Honoring the Past, Moving Forward
BLACKSBURG, Va., May 11
That it would be a day of beginnings, of propelling forward, was clear from the moment the sound of "Pomp and Circumstance" spilled across the tens of thousands gathered in Virginia Tech's Lane Stadium on Friday night.
When the graduates filed in, the crowd was already standing, with cheers already deafening.
About 5,000 students graduated from the school just four weeks after a student gunman shattered the rural tranquillity of the campus, killing 32 people in what became the deadliest shooting by an individual in U.S. history. Twenty-seven of those killed were students, and all received posthumous degrees, their names and accomplishments printed in the programs held in every hand in the audience.
They would not be left out Friday night.
"As difficult as it is to relive that day, we yearn to pay homage to those cherished members of the Virginia Tech family who were lost that morning -- whom the world lost that cold, blustery morning," Virginia Tech President Charles W. Steger told the crowd. "We wish to pay tribute to those innocent and beautiful young minds who wholeheartedly joined the university community seeking knowledge and growth."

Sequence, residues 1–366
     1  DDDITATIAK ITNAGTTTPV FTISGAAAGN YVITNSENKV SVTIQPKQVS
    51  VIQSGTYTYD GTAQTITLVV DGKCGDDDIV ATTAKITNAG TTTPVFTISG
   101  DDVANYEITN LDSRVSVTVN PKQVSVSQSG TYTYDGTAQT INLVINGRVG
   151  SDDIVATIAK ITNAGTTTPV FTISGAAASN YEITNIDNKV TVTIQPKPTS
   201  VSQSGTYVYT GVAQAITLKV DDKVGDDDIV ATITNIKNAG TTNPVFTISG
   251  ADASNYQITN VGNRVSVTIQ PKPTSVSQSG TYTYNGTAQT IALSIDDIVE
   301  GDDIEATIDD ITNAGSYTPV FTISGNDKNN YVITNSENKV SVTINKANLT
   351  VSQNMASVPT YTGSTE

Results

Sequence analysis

They had come here from across the nation and from Peru and India and Indonesia, he said. They played volleyball and basketball. They were musicians and dancers.
"They wanted to make their mark as individuals, to be part of the greater world and make it better, and those of us assembled here tonight can attest that they succeeded," Steger said.
Each person killed in the April 16 massacre received a class ring. The names of the students and the five faculty members were read one by one, their photos flashed on the scoreboard. Silence fell across the stadium. Some of the victims' families sat among the crowd. The family of Seung Hui Cho, who also injured 29 people in the spray of 170 bullets before killing himself, will not receive a ring or a posthumous degree.
But as much as the day was spent looking back, it also focused on moving forward. It focused on those who had survived that day, who had worked for years for this day.
In a statement read by Steger, President Bush told graduates:
"Your actions in the face of great tragedy demonstrate the power of compassion and the indomitable spirit of a proud and determined university. We will always remember the lives that were taken, and we hold their families and friends in our hearts," he read.